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Murphy, Thomas H. (ed.) / Wisconsin alumnus
Volume 82, Number 1 (Nov. 1980)

Student standpoint,   pp. 23-25

Page 23

In which students speak
             of many things,
             directly to you.
Stay Out of the
Midnight Sun
By Tom Rosen '83
Last June 8, while I was home in Milwau-
kee painting my parents' bedroom ceiling
and waiting for the final coat to stop run-
ning from my hair, there came a quite de-
lightful development. My Badger baseball
coach, Tom Meyer, called. He wanted to
know-since I apparently had shown prom-
ise as a freshman pitcher last spring-if I
was interested in going to Alaska with the
team to play two of the finest semi-pro clubs
in the country. He had to make our reserva-
tions fast, so I could have exactly one hour
to choose between spending the summer
getting Mautz Interior Latex Enamel out of
my hair, or baffling future major leaguers.
Somehow it didn't take me an hour.
   A week later, with an overstuffed suit-
case dragging from one hand and a copy of
Ball Four in the other, I embarked on a
childhood fantasy. In my mind, for the next
two weeks I would be Tom Rosen, Profes-
sional Baseball Player.
   Our season had ended just three weeks
earlier, but to the guys on the team it
seemed like we'd been separated for three
months. We met at Camp Randall,
laughing and yelling and slapping each
other on the back, then, after a short van
ride to the airport and a long wait in the ter-
minal, we were ready to board the plane.
At least, most of us were. Jim Graboski,
our shortstop, had only flown once before,
and the idea didn't exactly thrill him. How-
ever, Jim's fears were good for the rest of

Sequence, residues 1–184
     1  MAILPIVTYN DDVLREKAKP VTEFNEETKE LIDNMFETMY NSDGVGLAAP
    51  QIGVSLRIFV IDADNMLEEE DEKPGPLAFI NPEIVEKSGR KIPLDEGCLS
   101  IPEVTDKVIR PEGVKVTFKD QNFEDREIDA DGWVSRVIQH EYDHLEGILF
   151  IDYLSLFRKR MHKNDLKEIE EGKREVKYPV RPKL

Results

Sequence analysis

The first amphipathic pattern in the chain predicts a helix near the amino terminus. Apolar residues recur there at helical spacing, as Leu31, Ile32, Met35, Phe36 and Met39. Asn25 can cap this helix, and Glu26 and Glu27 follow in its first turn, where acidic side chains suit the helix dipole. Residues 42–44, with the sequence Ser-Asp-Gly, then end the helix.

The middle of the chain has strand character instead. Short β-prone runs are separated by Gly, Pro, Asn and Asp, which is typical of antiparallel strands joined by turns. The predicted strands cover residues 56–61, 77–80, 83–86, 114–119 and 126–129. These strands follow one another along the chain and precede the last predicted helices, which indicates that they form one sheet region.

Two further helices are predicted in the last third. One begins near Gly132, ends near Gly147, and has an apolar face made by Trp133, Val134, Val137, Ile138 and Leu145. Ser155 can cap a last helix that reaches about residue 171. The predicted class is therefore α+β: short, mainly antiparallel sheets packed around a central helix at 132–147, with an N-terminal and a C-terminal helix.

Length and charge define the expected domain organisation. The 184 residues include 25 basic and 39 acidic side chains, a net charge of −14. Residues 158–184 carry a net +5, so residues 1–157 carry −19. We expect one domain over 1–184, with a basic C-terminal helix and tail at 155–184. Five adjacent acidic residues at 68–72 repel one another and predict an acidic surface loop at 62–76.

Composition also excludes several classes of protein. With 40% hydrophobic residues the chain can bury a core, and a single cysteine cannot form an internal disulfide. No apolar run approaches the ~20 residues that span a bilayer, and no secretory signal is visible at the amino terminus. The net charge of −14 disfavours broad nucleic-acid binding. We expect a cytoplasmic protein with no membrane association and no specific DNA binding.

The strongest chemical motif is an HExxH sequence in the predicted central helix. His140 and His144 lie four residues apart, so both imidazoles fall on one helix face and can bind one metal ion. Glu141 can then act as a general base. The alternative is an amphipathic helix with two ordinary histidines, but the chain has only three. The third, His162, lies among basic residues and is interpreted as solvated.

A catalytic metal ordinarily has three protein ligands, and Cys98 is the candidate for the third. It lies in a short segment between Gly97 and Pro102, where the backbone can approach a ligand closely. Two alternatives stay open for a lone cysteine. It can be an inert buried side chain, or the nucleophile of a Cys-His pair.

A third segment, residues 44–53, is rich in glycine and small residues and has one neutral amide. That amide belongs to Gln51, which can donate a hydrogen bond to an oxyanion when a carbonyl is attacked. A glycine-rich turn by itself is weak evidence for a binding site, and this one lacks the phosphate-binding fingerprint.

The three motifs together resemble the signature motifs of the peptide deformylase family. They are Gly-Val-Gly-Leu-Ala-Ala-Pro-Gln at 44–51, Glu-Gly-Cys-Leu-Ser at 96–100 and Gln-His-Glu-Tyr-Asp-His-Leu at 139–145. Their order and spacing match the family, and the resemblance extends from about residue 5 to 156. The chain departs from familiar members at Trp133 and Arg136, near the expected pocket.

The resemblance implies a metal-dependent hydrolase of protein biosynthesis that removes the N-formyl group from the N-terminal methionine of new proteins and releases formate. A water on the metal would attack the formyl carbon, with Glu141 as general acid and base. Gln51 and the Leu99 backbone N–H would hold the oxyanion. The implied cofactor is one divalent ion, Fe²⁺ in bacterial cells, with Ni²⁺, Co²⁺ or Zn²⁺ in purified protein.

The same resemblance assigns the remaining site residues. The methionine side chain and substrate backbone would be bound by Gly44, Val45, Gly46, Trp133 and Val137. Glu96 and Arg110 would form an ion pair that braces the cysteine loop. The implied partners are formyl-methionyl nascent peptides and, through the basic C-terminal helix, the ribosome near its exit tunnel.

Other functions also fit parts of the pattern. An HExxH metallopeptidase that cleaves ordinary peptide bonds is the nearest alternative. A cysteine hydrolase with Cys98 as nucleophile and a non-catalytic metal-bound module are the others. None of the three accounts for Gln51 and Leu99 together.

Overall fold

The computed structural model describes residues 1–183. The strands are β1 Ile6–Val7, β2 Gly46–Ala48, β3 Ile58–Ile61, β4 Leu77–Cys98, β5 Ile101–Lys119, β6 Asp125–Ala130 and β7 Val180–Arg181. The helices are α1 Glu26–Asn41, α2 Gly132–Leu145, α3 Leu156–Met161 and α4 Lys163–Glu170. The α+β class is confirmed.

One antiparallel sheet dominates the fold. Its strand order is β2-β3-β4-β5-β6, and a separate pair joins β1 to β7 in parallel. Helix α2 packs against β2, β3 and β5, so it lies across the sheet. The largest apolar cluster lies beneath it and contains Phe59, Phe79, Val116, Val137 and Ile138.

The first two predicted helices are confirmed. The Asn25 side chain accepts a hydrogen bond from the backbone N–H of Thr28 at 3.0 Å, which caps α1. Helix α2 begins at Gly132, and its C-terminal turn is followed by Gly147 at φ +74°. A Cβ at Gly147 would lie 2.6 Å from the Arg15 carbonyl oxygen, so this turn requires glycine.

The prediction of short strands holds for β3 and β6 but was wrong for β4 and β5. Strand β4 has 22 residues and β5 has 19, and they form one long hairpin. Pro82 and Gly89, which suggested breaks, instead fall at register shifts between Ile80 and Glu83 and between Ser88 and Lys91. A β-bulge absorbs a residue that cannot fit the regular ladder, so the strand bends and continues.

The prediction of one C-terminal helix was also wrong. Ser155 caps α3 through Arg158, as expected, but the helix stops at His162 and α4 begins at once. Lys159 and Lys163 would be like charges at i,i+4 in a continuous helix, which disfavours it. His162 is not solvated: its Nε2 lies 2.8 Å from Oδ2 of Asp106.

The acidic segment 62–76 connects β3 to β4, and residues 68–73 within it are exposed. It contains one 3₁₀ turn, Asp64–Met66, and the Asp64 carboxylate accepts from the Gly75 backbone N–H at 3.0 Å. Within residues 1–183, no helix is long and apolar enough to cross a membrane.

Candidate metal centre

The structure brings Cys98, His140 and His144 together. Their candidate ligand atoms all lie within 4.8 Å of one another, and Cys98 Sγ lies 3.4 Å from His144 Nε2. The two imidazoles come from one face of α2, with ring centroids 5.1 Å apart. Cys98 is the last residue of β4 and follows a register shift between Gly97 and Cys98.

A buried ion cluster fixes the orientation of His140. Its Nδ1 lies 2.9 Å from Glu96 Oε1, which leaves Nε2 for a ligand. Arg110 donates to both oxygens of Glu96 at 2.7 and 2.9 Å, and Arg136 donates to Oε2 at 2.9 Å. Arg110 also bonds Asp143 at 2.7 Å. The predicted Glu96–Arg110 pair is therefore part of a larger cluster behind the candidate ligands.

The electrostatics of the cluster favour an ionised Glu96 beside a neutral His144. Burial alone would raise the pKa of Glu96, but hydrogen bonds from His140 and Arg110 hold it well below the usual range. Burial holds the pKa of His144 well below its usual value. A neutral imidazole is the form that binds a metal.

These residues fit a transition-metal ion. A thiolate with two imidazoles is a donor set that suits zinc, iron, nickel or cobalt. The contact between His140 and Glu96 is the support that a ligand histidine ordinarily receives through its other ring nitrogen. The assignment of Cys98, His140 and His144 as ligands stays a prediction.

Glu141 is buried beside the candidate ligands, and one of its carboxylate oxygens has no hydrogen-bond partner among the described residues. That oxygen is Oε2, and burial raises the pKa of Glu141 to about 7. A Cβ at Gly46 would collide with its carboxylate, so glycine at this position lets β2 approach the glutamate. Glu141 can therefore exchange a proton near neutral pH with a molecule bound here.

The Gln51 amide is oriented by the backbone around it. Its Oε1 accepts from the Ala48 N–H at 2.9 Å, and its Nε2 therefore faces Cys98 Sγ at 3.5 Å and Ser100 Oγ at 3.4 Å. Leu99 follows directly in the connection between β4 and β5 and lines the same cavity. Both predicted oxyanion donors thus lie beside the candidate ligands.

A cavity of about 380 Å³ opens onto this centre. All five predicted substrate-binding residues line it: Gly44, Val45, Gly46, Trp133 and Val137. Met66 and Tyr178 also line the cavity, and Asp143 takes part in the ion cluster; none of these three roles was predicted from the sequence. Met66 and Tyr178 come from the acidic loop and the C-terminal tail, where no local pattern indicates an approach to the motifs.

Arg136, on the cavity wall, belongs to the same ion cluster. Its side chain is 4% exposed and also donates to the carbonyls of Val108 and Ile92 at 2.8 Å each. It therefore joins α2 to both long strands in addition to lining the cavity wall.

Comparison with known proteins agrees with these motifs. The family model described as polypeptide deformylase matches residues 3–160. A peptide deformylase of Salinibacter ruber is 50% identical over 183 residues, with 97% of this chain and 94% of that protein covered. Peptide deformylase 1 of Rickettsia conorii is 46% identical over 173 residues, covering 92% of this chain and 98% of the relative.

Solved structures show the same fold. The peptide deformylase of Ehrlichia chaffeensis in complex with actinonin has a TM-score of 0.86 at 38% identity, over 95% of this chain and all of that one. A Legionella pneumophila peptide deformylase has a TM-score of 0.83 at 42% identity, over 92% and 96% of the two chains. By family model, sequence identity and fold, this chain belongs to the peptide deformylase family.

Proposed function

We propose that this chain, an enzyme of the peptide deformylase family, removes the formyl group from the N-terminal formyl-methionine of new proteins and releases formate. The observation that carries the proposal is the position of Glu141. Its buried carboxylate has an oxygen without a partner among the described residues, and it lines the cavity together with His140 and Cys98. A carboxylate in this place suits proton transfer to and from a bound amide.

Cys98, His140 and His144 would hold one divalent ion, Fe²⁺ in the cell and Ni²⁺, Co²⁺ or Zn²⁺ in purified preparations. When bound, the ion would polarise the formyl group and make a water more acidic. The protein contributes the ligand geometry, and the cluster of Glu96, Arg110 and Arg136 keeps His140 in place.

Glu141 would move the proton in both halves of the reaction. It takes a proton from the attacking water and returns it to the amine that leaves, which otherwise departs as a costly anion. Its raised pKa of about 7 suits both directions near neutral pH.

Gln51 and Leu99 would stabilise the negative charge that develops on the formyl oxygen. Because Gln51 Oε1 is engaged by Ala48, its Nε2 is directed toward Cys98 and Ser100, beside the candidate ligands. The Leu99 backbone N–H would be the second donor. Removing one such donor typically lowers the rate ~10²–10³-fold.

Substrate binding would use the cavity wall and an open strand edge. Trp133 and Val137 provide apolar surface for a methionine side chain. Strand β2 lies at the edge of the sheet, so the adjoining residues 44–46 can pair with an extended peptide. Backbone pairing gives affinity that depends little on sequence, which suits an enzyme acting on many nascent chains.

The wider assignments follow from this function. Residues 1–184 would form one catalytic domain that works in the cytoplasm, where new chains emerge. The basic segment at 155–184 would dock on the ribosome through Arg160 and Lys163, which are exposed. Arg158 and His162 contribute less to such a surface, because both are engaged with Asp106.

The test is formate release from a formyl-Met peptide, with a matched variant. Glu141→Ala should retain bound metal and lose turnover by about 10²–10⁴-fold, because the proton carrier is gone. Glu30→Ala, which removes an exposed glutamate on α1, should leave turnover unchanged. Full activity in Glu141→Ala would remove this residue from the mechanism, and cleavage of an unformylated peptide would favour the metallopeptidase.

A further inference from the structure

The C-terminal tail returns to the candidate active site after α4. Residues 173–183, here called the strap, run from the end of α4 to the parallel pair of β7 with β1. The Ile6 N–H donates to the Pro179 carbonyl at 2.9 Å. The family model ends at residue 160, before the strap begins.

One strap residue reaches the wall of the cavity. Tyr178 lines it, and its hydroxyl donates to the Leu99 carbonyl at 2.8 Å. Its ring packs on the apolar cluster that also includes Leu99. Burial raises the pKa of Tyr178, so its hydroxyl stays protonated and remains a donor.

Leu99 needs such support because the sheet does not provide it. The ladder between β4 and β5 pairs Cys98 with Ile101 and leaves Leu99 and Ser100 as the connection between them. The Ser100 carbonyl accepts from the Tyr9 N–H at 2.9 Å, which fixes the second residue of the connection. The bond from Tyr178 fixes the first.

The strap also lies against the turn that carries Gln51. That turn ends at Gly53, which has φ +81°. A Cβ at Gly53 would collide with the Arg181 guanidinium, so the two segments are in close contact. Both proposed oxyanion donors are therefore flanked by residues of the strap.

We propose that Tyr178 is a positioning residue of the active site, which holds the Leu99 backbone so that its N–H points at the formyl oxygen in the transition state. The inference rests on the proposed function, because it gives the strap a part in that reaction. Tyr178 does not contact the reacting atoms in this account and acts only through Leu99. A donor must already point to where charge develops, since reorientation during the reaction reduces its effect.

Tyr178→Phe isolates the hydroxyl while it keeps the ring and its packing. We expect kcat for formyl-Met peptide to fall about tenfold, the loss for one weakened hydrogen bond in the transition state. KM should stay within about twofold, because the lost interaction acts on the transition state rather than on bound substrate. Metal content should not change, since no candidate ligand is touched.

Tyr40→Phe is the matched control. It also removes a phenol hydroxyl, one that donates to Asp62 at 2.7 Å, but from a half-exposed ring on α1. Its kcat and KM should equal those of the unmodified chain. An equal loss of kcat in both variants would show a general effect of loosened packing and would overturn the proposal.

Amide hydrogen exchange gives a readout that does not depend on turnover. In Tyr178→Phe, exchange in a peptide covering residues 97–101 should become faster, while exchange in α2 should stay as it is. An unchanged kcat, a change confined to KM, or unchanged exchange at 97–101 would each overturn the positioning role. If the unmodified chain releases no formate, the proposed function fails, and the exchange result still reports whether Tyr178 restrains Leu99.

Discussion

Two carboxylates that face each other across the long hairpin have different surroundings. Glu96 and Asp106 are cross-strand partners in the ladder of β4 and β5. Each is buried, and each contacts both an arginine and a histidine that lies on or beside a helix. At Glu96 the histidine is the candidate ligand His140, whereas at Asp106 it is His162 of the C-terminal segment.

us; during the flight we kept in shape by
peeling him off the back of his seat every
few minutes.
   Finally, after a long day of airport coffee
and airplane peanuts, we landed in Fair-
banks. In Fairbanks at 1:00 a.m. it is still
light outside. As I flopped down on the ho-
tel bed with the sun glaring through the win-
dow, I could only wonder if I'd wake up
with a severe sunburn.
   Well, when I awoke I wasn't burned, I
was just confused. With all the tumult the
previous night, I had forgotten to set my
watch back. The watch said it was 9:00
a.m., but it was actually 5:00 a.m. in
Alaska. I spent the next few hours getting
Tom Rosen plans to major in journalism.
my head on straight while I waited for my
roommate, Todd Juntunen, to wake-up.
   My second shock of the day came when
Todd and I went for breakfast. I should say
"when we were taken out by our break-
fast." The cost of food in Alaska is outra-
geous. One day the price of a single waffle
was $1.50; the next day a similar waffle cost
$2.10. For the remainder of the trip, Todd
and I tried unsuccessfully to find restau-
rants that met our daily meal allowance of
   Most of the nine games we played were
at night. On the afternoons of those days
we sat in our rooms watching "I Love
Lucy" reruns and psyching ourselves up.
We'd known when we left for Alaska that
we would be playing outstanding baseball
teams. (The Goldpanners had won four
national titles in the previous eight years.)
Still, the Badgers finished fourth in the Big
Ten conference last spring, so we knew we
had something going for us, too. On the
other hand, while the coaching staff wanted
some wins of course, they really accepted
the trip as a chance to see how we reacted
under extreme pressure situations.
   As it turned out, it was a good thing they
were thinking along those lines.Our team